The Asset module is one of Oomnitza's primary modules, and where you'll be spending a lot of time in Oomnitza. This is where you see all of the things that you're managing through Oomnitza, where you'll access their details, modify them, create workflow automations, and report on them.
- Accessing Assets
- Block and List Views
- Viewing an Individual Asset
- Asset Attributes
- Detailed Asset View
- Creating Assets
- Searching Assets
You can reach the Asset module by selecting Assets from the top navigation bar in Oomnitza.
Block and List Views
Once you're on the Assets page, you can choose between the block and list views using the toggle in the upper right.
The Block view lets you approach your assets in a more tangible manner with a thumbnail of the Asset, and a summary of the three most important fields, which you can customize.
The List view lets you eschew the visual element in favor of having more data available at a glance, letting you see a large number of attributes for each asset, which you can use to sort columns alphabetically. From this view, you also have the ability to bulk edit or delete assets.
Viewing an Individual Asset
To view an individual Asset, simply click on it as it appears in the assets module, either as a block in the block view, or that object's row in the list view.
When viewing an individual asset, you have the ability to edit each of that asset's attributes. Fields listed in red are mandatory, fields in black are optional, and fields in gray are system fields, which are immutable.
Asset attributes, the individual fields that describe a given asset, come in a few varieties:
- Text fields, where you can enter specified text, numbers, or dates, depending on the parameters set.
- Immutables, which cannot be edited.
- Dropdowns, which let you select an item from a pre-determined list.
What and how things can be entered in these fields vary based on how they've been set up. We'll cover that more when we go over Customization.
Dropdowns come in two flavors that are useful to understand: Dynamic Dropdowns and Enforced Dropdowns.
- Dynamic Dropdowns: These are, in essence, dropdown fields that act like free text fields. They'll give you a list of options, but also allows users to enter new options (which are subsequently included in said list).
- Enforced Dropdowns: These only allow a pre-determined set of options. If a value that doesn't match the pre-determined list, the asset cannot be saved.
You can differentiate between the two types of dropdowns based on how the options appear. A dynamic dropdown will load options as you begin to type. An enforced dropdown will display all options at once.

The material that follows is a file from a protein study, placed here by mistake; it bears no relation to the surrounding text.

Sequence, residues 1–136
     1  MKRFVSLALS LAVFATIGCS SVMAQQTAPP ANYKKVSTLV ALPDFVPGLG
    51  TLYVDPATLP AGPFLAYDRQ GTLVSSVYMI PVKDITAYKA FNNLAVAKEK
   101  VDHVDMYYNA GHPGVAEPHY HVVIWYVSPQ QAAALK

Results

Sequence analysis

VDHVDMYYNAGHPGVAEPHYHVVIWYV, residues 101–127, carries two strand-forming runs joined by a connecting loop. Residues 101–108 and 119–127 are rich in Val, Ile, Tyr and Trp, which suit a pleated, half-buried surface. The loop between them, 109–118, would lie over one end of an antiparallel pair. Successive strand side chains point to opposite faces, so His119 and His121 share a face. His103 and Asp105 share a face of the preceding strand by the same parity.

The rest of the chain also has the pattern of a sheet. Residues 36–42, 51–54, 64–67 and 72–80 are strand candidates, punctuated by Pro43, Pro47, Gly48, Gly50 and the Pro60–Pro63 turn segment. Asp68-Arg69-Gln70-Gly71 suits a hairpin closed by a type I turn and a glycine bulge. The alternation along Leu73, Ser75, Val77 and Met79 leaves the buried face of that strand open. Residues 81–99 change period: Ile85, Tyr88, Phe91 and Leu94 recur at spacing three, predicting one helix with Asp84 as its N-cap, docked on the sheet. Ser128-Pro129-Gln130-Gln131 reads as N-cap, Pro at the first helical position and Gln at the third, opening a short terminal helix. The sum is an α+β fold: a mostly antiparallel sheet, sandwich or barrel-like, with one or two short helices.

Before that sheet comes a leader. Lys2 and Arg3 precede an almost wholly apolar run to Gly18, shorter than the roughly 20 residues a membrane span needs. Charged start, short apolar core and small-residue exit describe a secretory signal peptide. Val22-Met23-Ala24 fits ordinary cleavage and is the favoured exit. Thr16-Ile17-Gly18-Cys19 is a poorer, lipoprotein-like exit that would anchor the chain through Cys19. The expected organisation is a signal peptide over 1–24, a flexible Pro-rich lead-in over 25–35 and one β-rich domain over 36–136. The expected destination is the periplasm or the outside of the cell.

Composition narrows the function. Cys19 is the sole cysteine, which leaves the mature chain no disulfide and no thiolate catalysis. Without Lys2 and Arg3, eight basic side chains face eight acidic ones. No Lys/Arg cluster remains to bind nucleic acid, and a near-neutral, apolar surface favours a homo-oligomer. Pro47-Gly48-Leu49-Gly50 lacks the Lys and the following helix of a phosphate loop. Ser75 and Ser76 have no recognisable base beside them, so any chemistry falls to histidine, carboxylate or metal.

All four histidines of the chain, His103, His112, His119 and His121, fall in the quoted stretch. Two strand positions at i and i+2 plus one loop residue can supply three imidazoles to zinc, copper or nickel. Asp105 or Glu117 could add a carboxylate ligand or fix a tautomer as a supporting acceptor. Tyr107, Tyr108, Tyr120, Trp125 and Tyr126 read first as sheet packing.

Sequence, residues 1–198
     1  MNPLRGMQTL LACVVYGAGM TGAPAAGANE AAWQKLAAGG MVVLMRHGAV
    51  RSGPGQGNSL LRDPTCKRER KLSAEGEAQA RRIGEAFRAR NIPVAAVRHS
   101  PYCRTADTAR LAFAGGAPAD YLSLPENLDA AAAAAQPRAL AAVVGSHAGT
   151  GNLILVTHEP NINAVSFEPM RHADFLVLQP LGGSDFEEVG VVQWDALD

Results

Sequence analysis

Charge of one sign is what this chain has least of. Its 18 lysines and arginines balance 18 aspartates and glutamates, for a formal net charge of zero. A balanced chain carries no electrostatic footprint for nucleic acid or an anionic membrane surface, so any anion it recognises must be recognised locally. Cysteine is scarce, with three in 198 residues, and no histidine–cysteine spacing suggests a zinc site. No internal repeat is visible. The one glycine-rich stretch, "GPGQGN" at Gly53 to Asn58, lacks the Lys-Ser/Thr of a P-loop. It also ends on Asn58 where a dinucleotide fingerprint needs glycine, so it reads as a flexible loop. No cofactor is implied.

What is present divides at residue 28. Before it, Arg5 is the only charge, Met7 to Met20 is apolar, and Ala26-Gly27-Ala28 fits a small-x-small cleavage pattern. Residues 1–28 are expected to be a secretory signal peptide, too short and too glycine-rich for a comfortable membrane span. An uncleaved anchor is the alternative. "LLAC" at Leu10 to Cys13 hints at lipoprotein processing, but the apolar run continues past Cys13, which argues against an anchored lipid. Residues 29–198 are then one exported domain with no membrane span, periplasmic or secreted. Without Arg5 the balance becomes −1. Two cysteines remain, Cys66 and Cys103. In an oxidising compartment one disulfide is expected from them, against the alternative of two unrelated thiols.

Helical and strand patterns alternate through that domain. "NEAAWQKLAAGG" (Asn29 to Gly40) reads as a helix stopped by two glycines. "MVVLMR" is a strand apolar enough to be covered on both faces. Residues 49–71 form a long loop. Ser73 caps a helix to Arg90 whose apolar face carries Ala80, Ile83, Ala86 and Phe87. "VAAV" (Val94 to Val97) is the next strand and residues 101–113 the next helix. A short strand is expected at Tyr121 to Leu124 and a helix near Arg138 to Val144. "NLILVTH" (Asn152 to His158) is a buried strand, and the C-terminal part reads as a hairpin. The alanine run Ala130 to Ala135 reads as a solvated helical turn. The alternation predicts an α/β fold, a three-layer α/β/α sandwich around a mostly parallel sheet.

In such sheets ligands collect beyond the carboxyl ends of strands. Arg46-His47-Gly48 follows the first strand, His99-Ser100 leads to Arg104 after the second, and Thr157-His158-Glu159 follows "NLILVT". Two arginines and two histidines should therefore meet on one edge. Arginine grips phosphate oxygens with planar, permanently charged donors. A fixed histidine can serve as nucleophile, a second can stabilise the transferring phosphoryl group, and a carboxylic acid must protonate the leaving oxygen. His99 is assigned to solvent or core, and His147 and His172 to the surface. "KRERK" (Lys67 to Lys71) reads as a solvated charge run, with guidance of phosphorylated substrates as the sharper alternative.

Detailed Asset View
When viewing an individual asset, you'll be able to see all of its attributes, as well as have access to the following tabs to add or view more information: Info, Media, Map, History, Software, Tickets, Child Assets. These will be covered more in-depth in our advanced documentation, but a brief summary of each is included below:
Info: All the attributes of the asset.
Media: Any images, video, or audio recordings associated with the asset.
Map: If the asset has an associated Location, then it can be viewed on a map.
History: View a history of all changes made to that asset.
Software: See any software installed on that asset.
Tickets: See any helpdesk (e.g. Jira, Zendesk) tickets associated with that asset.
Child Assets: See any child assets associated with that asset.
Typically, assets are created and managed en masse from an integrated software, but assets can be created manually via the "Add" button in the upper right of the assets page. You'll be prompted to fill in the details on that asset.
While creating the asset, Fields highlighted in Red are mandatory. And the asset can be saved as soon as all the mandatory fields are filled. System fields, like unique identifier and date created, aren't shown but will be added when the new asset is saved.
Within the asset details, the asset history provides one of the most useful tools for understanding the lifecycle of an individual asset and viewing what changes have been made to that asset.
The history tab automatically records all changes made to an asset, including when they happened, who made the changes, and what those changes were. It also lets you view, search, sort, and filter in order to view themes and drill into the history of that asset.
Using the panel on the left, you can sort and filter assets. This allows you to pinpoint only the subset of Assets that you want to work with. The search panel allows for filtering on any of the attributes associated with an Asset, and any combination of those attributes.
Now that we've covered assets, let's continue to Custom Reports and Dashboards —>